Buzzd offers brands the ability to connect with consumers not only based on where they are right now, but what they have been doing recently as well (behavioral targeting!). For example, Buzzd displays an Adidas advertisement to someone that might frequent a hiphop club. In addition, Buzzd pioneers the latest innovation in mobile advertising– not just tiny little banner ads. We are also experimenting with interstitials and allowing consumers to tag their profile with specific brand identities. For these reasons, mobile social networking portrays the holy grail in targeting consumers for brands and marketers.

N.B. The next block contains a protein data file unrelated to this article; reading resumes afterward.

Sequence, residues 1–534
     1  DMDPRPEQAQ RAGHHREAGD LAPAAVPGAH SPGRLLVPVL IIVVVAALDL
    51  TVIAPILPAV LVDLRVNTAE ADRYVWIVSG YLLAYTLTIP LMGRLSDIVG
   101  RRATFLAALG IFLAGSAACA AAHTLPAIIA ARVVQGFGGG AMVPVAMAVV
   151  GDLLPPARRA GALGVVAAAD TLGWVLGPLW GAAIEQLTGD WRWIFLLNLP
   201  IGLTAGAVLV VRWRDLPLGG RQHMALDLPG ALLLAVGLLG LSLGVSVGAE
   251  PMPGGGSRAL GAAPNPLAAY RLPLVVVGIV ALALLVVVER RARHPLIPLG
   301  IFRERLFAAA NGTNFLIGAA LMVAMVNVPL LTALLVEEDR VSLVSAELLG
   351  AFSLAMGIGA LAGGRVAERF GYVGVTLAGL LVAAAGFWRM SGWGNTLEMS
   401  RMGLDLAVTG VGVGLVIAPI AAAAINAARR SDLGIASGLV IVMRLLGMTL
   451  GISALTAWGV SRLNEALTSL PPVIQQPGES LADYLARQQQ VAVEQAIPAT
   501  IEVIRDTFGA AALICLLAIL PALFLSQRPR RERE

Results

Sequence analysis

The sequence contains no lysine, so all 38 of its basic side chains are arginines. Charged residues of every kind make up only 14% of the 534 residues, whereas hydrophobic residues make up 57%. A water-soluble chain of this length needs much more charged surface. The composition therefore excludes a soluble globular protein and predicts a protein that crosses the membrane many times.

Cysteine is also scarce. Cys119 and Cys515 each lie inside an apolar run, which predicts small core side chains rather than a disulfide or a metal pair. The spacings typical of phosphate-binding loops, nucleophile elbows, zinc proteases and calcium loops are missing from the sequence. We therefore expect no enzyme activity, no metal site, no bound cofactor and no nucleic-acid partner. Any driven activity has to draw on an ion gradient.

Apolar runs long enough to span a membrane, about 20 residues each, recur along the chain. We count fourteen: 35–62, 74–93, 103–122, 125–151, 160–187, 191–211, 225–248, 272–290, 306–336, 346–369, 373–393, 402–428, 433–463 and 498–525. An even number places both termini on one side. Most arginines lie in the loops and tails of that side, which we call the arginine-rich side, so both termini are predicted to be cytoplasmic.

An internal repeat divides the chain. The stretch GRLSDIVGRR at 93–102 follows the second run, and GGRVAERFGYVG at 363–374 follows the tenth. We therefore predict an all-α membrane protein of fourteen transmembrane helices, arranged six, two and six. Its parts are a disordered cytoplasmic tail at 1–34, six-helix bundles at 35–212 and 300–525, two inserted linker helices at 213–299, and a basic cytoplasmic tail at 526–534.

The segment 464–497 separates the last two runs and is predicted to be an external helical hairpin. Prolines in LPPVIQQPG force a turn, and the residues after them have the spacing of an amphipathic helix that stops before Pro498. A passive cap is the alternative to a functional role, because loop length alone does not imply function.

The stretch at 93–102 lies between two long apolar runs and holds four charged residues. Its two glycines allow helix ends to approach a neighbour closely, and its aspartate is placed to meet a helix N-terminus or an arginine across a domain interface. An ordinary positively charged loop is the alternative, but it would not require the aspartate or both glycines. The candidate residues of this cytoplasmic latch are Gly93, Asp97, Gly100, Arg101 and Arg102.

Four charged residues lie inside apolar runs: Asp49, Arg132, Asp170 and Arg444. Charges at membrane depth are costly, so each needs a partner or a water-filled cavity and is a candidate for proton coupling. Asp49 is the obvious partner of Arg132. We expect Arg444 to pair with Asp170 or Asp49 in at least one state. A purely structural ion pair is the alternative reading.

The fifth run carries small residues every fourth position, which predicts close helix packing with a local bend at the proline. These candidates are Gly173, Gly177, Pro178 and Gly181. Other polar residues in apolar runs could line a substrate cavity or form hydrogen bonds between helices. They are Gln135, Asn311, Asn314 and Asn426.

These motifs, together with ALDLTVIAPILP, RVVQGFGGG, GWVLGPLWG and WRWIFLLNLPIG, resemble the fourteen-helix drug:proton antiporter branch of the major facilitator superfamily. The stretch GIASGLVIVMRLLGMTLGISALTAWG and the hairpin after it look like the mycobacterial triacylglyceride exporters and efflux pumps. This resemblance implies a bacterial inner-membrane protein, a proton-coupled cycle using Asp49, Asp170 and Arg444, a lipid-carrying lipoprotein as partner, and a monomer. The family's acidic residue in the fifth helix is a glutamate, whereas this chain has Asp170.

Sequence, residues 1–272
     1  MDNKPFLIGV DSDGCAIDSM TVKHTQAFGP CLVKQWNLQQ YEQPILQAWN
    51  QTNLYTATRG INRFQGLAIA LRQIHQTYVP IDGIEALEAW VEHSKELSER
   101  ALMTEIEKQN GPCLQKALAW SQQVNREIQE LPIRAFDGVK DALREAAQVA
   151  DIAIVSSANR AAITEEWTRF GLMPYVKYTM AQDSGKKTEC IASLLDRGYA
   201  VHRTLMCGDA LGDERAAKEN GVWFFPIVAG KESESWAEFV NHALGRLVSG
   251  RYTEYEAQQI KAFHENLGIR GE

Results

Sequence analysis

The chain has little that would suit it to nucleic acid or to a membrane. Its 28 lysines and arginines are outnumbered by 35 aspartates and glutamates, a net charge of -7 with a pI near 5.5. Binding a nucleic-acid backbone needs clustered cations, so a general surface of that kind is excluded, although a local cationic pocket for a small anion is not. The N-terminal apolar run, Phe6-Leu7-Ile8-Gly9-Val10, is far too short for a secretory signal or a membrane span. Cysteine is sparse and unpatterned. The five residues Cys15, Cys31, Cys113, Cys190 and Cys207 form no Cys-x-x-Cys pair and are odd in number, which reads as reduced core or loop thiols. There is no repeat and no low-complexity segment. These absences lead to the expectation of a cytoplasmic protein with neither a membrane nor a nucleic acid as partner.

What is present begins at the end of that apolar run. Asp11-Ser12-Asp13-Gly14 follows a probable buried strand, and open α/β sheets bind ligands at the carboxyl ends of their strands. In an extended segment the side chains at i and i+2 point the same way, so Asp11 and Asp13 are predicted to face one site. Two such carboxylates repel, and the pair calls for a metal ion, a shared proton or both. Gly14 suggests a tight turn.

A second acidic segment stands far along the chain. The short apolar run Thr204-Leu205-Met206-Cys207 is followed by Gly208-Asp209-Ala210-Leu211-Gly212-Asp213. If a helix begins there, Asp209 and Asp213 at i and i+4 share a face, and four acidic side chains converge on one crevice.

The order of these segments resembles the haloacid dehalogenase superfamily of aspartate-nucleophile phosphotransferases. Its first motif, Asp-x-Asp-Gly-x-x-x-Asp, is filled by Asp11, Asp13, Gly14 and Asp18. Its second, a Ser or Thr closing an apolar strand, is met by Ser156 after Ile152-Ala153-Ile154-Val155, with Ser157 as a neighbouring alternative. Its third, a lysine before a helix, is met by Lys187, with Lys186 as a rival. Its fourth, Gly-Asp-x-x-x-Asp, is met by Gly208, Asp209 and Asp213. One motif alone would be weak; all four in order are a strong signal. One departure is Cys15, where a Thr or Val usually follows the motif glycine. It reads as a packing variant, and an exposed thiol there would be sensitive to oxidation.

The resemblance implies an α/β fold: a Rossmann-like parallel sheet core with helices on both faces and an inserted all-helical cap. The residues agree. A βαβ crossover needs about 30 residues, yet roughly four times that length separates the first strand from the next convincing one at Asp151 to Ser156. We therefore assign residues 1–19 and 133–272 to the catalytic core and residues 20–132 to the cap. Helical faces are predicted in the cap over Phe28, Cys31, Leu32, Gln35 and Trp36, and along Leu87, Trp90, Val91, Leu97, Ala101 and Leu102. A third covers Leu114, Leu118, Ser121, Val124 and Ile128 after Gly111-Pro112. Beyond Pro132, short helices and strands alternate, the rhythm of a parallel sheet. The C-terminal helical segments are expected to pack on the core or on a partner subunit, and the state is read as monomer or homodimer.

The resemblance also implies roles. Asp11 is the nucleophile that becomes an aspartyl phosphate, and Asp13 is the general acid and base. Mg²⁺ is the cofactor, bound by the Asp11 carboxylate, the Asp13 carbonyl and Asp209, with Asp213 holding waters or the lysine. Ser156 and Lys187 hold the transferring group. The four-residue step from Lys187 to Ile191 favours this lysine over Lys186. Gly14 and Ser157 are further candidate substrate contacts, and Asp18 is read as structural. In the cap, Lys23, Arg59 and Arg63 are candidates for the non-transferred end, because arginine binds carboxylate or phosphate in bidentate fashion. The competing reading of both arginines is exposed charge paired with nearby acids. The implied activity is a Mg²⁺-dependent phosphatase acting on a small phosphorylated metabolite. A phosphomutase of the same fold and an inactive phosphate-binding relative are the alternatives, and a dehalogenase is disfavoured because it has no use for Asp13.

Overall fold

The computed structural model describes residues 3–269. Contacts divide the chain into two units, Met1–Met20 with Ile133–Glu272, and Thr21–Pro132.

[ms] How did Buzzd concept come about? Was there an “ah-hah” moment when the mental light-bulb just “went on?” [NM] The inspiration for Buzzd was purely selfish…. [the] inside of that bar, what was the scene like right now? The guy/girl ratio? How crowded was it? We wanted to create a service that would fulfill these questions, that no other service currently addressed.

[ms] How has the Helio subscriber base taken to Buzzd? Are you looking to do similar deals with other carriers? [NM] Helio is the first of many Buzzd ‘on-deck’ deals by which the operator provides a link on their WAP deck to market Buzzd for their user community. The Helio target has been a slam dunk, due to their 3G handsets (mobile web flies!) and targeted demo who consume lifestyle and entertainment content.